# Finding x and y components

1. Jan 27, 2009

### spokorne

I've been stuck on this problem for too long and need help. Please explain the answer if possible.

F1 has a magnitude of 8.80 n and is directed at an angle of $$\alpha$$= 65.0 above the negative x axis in the second quadrant. F2 has a magnitude of 6.40 N and is directed at an angle of $$\beta$$ = 53.3 below the negative x axis in the third quadrant.

What is the x component Fx of the resultant force?

What is the y component Fy of the resultant force?

What is the magnitude F of the resultant force?

What is the angle $$\gamma$$ that the resultant force forms with the negative x axis? In this problem, assume that positive angles are measured clockwise from the negative x axis.

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2. Jan 27, 2009

### LowlyPion

Welcome to PF.

What have you attempted?

3. Jan 27, 2009

### spokorne

i tried making them into triangles and then using the lengths as the force. then i figured out the upward force and minused the downard force to find the total vertical force but it isn't right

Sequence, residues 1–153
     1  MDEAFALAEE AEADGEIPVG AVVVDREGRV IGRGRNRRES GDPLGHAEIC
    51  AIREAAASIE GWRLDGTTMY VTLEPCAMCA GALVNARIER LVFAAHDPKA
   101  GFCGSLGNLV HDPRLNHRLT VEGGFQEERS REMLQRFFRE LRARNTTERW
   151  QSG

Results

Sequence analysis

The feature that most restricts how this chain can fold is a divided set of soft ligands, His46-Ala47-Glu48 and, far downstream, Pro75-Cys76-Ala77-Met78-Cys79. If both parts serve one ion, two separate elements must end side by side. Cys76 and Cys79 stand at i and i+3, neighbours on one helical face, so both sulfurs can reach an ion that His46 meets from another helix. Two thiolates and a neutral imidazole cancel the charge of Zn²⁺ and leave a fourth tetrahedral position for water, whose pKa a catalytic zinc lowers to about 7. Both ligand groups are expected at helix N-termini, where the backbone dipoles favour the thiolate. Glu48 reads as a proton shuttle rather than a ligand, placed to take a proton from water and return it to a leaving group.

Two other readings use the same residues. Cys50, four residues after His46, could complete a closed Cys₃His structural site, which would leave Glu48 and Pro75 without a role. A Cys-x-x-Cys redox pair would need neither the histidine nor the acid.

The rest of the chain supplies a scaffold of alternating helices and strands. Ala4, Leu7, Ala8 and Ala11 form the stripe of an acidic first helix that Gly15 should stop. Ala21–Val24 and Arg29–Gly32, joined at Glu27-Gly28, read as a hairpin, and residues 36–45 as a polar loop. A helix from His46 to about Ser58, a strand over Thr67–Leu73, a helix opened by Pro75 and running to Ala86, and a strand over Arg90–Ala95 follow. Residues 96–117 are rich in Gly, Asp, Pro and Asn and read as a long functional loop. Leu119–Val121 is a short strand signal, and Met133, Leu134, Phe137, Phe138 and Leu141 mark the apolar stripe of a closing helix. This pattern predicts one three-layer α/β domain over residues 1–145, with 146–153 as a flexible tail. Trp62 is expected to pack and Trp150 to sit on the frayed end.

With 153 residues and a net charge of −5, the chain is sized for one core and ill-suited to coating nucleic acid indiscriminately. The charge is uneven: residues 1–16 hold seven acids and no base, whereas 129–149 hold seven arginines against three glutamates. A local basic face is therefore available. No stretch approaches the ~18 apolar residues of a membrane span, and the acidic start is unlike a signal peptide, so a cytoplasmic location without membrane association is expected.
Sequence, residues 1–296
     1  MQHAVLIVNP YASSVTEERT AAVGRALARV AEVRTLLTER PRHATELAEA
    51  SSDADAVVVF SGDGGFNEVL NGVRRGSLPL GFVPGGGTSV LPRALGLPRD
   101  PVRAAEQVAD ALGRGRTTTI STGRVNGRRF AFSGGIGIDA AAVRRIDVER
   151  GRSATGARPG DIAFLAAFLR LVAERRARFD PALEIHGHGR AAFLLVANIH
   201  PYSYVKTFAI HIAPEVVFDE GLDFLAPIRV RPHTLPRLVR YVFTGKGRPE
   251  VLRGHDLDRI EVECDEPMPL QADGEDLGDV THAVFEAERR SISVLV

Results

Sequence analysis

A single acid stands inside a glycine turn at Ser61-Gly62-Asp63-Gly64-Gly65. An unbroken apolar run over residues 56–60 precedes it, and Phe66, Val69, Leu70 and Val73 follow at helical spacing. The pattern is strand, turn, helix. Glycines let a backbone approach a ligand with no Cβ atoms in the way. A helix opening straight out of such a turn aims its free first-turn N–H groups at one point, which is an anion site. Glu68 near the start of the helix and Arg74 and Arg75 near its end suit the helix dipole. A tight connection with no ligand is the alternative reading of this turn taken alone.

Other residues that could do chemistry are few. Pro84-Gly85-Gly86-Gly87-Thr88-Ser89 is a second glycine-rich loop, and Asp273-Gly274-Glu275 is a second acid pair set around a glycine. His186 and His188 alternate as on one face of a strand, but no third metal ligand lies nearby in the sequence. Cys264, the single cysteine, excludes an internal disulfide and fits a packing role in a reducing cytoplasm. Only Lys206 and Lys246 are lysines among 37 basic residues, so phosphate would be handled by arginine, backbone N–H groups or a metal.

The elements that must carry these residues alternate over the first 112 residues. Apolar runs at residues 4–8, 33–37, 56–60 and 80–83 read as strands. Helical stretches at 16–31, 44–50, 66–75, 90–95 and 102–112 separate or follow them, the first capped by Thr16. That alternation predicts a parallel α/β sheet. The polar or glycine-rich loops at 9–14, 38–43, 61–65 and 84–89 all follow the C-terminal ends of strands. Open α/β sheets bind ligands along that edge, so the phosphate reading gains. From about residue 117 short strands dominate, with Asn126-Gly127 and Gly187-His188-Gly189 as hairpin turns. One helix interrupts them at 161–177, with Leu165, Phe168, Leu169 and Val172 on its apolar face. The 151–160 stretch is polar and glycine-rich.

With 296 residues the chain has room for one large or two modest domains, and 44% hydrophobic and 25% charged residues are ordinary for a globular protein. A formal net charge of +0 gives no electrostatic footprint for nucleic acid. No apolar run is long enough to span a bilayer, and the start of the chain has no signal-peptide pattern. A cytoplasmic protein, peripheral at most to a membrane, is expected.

4. Jan 27, 2009

### LowlyPion

Maybe if you calculated the x,y components of the vectors it would be a little easier?

5. Jan 27, 2009

### spokorne

how do you go about doing that?

6. Jan 27, 2009

### LowlyPion

The dog on a leash is an example at the bottom of this link:
http://www.glenbrook.k12.il.us/GBSSCI/PHYS/CLASS/vectors/u3l1e.html [Broken]

Last edited by a moderator: May 3, 2017
7. Jan 27, 2009

### spokorne

That's what I did previously and then then i found the difference in the two and it was incorrect

8. Jan 27, 2009

### LowlyPion

I can't see your effort, so you should check that you have the correct sign of the x components when you add them and the y components.

After you have added them then you use what Pythagoras taught.